China on Tuesday announced it will dispatch a senior diplomat as special envoy to Malaysia as it continued to build pressure on Kuala Lumpur to share evidence that the missing MH370 flight had plunged into a remote part of the southern Indian Ocean.
“Chinese President Xi Jinping ordered here Monday to send a special envoy to Kuala Lumpur to deal with the matter of missing Malaysia Airlines Flight MH370. Chinese Vice Foreign Minister Zhang Yesui will head for Kuala Lumpur as soon as possible as the envoy,” a terse statement quoted by the Xinhua news agency said on Tuesday evening.
The report said that the president who is away on trip to Europe has issued instructions to “relevant Chinese government agencies help Malaysia and other parties involved carry on the search for the ill-fated flight” which had 154 Chinese passengers among the 239 on board.
China’s reaction to Malaysian Prime Minister Najib Razak’s statement on Monday that the flight with has been that of apparent disbelief coated in diplomacy.
Though foreign ministry spokesperson Hong Lei did not say it directly at the daily press conference on Tuesday, it is possible that Malaysia did not share the information about the possible crashing of the aircraft with China before publicly announcing it.
Beijing’s first reaction to the Razak’s statement was to summon the Malaysian envoy late on Monday night and demand proof of the crash from him.
“We demand the Malaysian side to make clear the specific basis on which they come to this judgement," deputy foreign minister, Xie Hangsheng said during an urgent meeting with ambassador Datuk Iskandar Bin Sarudin Sarudin, official news agency Xinhua said in a report published early on Tuesday.
Xia demanded the Malaysian side to provide all information and evidence related to the analysis of satellite data, the report said.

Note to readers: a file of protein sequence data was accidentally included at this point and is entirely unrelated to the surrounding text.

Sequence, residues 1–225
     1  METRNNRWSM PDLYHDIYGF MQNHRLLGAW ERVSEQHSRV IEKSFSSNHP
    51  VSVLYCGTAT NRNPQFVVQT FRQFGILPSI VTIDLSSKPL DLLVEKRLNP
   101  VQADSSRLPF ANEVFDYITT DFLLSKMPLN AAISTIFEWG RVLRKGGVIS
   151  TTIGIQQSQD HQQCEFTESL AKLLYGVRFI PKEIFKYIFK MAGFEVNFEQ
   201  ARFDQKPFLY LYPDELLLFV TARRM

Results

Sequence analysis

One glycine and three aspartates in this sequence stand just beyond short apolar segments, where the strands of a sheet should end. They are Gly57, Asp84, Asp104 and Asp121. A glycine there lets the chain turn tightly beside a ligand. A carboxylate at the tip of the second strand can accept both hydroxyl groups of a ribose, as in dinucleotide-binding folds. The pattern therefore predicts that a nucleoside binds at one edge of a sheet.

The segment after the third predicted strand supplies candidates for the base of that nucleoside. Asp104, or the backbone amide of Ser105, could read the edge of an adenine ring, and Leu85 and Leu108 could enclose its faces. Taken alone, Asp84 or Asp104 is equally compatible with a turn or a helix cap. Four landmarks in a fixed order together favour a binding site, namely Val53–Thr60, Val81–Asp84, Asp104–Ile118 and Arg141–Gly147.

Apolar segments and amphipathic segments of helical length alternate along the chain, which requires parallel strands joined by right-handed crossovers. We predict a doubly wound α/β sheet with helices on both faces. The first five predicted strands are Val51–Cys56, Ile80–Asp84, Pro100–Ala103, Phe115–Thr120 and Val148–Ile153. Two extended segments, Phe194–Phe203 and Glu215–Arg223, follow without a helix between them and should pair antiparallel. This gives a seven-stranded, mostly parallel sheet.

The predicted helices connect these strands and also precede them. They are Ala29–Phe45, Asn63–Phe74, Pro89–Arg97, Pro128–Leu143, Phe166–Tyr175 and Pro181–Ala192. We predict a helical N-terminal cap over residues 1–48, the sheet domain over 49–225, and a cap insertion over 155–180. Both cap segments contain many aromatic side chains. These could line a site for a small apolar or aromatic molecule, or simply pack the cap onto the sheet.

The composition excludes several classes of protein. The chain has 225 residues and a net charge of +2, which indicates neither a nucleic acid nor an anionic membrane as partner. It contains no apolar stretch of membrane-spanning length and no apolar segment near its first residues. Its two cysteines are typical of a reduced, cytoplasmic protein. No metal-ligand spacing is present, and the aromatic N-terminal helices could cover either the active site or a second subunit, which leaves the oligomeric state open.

Spokesperson Hong continued the tone of aggression during the daily presser, saying China hopes that the Malaysian side can provide all the information that led to the conclusion that flight MH370 had crashed into the sea.
"We are highly concerned with Malaysia's conclusion, and have demanded full information and the evidence that support the conclusion," Hong said.
“We paid high attention to the Malaysian side’s conclusions and called on them to provide us with evidence and information that can support the conclusion,” Hong said.
He avoided answering why Premier Le Keqiang hadn’t yet visited the grieving and angry family members of the Chinese passengers, only saying that since the flight went missing the Communist Party of China and government were deeply concerned about the fate of the flight and the passengers.
He said officials from departments affiliated to the State Council, or China’s cabinet, had visited the families in the hotels they were staying and briefed them about the efforts made by the government.
Hong added that a number of Chinese ships and aircraft were continuing the “search and rescue” missions.
"It is an international search. China hopes international organizations and countries will provide Malaysia and China with valuable information to help us conduct better targeted search work," he said.